Thus our unsuspecting radio operator transmitted war message after war message, love message after love message, without ever receiving any answer other than news about how things were progressing at the front, about the morale of the troops, about offensives and counteroffensives. His messages, one would imagine, became increasingly desperate, his lover increasingly elusive, his memory increasingly faint, yet his projection all the more complete as a result. Frantic with longing, the radio operator tried to find evidence of his Emile in the news – concealed messages, war manoeuvres that bore the signature of his lover, but he was never certain, he could always only suspect and fear the worst and at once the most absolute of all states. When the radio operator then finally learnt of the death of his lover, his love had already been transformed into a signifier, and he, the radio operator, had only to follow it.

In this way, hear what I am saying, he himself became a code that ever since has been surfing through the ether, he became that ghostlike voice on the radio that brave youngsters seek out on short-wave radio at night, that obsessive loners always stumble across at just the right time. Yes, Corello and Emile were united for eternity, at least potentially – and I mean united – united in the code of their love, which could only be eternal because it was constantly changing and yet always meant the same thing. They were dissolved in the story of their love, which fatally is also a story of violence.

And what about Casares? What did our Casares do?

When the obsessive whom we are calling Casares heard the voice of the radio operator for the first time and heard the mysterious code for the first time, he knew what he was dealing with. The myth of the smitten radio operator. Casares knew the myth, or was it he who invented it? Or did we invent it? What does it matter? In any case he knew about Corello and Emile and about their love that had been banished into infinite code, yet he did not know the significance of what he was hearing, otherwise he might have … Might have, might have. What point is there in speculating? He did not know. He sat in his little room, shaken by this mysterious message, this infinite voice from the past, as if by thunder. And if one is shaken as if by thunder, something either terrible or wonderful often occurs. A person who is shaken as if by thunder will become receptive to that which the moment brings with it. In this case this was a wish. A frightful wish. It entirely took possession of our Mr Casares – the wish to crack the code that nobody before him had ever cracked – the code of love and the code of war – to decipher the messages that nobody had ever been able to decipher. That was his wish.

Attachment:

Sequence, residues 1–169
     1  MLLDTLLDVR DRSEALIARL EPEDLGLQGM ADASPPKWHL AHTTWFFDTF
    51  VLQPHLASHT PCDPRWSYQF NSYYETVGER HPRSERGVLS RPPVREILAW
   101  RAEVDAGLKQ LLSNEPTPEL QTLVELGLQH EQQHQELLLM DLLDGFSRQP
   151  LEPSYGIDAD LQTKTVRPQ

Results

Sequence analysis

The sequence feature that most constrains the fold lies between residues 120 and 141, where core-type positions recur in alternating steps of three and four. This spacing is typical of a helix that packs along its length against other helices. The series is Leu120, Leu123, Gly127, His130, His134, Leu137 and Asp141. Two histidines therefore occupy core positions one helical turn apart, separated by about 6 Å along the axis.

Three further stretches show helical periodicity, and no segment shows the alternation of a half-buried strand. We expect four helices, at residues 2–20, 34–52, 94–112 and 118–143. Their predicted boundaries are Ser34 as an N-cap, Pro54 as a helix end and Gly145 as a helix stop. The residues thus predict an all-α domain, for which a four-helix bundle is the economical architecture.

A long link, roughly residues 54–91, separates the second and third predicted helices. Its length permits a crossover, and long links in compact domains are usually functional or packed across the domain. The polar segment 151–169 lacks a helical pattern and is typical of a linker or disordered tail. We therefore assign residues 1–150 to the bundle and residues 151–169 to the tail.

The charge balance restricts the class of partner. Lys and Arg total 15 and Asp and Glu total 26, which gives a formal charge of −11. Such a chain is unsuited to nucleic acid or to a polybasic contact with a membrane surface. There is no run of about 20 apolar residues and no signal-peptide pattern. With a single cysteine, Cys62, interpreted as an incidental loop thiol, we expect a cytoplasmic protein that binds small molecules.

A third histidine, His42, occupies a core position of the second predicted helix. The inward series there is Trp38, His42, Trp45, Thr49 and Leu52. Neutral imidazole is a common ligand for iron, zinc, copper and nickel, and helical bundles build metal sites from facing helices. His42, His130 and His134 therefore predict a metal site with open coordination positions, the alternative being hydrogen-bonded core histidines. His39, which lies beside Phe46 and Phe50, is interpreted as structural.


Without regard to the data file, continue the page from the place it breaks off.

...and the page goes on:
And what did he hope this would achieve, our Casares? Well, the things that motivate real people are often awfully prosaic, in other words terribly banal. But Casares wasn’t a real person, was he? For him it was enough to solve the mystery, for this was simply his purpose in life. That is the sort of thing you find in stories. People with a purpose in life, I mean. He was obsessed, and one does not wonder why obsessed people are obsessed. Just as one does not bother wondering why the devil is devilish. He is simply the devil. That’s all. But if you really want a motivation, why not imagine a yearning for immortal glory, which of course is a yearning for immortality.